5. Gunners show glimpse that hunger for more remains (Arsenal 5-0 Wolves): It would have been easy for Arsenal to mail this one in given their poor finish to the season which stopped them from winning the Premier League title. But the young Gunners dug in and impressed as they finished with a flourish and proved they are hungry to close the gap on Man City next season. They can do it and with smart recruitment in midfield and defense this summer, Arsenal can acquire the extra squad depth they need to have more staying power next season. This was more than a 5-0 win. It was about showing they are here to stay. And they are. (JPW)
6. Saints show talent to come straight back up (Southampton 4-4 Liverpool): It was a sad day for Saints but in James Ward-Prowse, Carlos Alcaraz, and Kamaldeen Sulemana they showed they have talented players who can lead their Championship playoff push next season. But will those star players still be around? Saints now need to cut the deadwood, start again with a new manager, and try their best to keep the six or so players they have in their current squad who will be starters in the Championship. Saints need to follow the way Fulham and Bournemouth rebounded as they hit the reset this summer. There are stars at Saints but they needed defensive solidity, a clear playing style and more experience if they’re going to get the best out of their undoubted talents. (JPW).
7. Blues get taught familiar lesson in draw (Chelsea 1-1 Newcastle): At home against a Newcastle team down its top goalkeeper and starting several second-choice players including youngsters Anthony Gordon and Elliot Anderson, Chelsea should’ve been able to finish this season with a win. But the team without finishers again failed to finish and left the stadium with a 1-1 draw and their bottom half status still baffling their talent level. Mauricio Pochettino, should he arrive as expected, needs to get a clinical finisher, although let’s be honest: Chelsea’s probably going to get significantly better just by getting a manager of Pochettino’s renown in the club over Frank Lampard’s entirely forgettable tenure as interim boss .Is it August yet? (NM)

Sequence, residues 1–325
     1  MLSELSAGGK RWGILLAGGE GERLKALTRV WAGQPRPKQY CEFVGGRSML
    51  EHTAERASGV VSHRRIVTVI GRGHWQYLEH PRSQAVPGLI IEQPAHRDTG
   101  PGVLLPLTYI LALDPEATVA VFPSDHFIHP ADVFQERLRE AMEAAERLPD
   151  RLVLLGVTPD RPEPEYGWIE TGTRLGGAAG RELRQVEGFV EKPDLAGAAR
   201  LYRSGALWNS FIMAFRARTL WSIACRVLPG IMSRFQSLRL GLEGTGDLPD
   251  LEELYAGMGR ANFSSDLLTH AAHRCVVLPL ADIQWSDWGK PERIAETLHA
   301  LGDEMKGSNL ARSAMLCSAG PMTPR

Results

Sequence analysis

8. Bees finish with win over much-changed champions’ (Brentford 1-0 Man City): It was a long wait for the game’s only goal, but the Brentford fans got to celebrate once more as they closed out a brilliant second season in the top flight. Bryan Mbeumo laid the ball back to Ethan Pinnock, who came streaking into the penalty area completely unmarked. Pinnock guided a low strike out of Ederson’s reach to secure victory no. 15 on the Bees’ season. City started Rico Lewis, Kalvin Phillips, Cole Palmer, and Sergio Gomez, and its only sub was 19-year-old newcomer Shea Charles. They still out-attempted the hosts 17-11 while keeping 66 percent of the ball. (AE)
9. Cooper, Hodgson finish unexpected jobs well done (Crystal Palace 1-1 Nottingham Forest): Neither Nottingham Forest boss Steve Cooper nor Palace counterpart Roy Hodgson would’ve seen themselves in this exact position earlier this season. Yes, Cooper might’ve thought his team would take time to adjust to the Premier League but did he expect a final few safe weekends without real repercussions? Probably not, but he did very well to navigate what became a dragged-out process and Forest did well to stick with the man who got them to the PL. Hodgson was retired at the start of the season and it surprised many that Palace cut ties with Patrick Vieira only to bring Hodgson back. The club legend did well right away, though, and he’Il only be more beloved should he decide to retire (again). (NM)
10. Emery gets Villa back into Europe (Aston Villa 2-1 Brighton): Aston Villa finished Unai Emery’s first (partial) season in charge by qualifying for the Europa Conference League with a 2-1 victory over Brighton at Villa Park on Sunday. Brighton (62 points – 6th place) entered the final day of the 2022-23 season having already qualified for next season’s Europa League, which will be the Seagulls’ first time in European competition in club history, and Villa was keen to join them. (AE)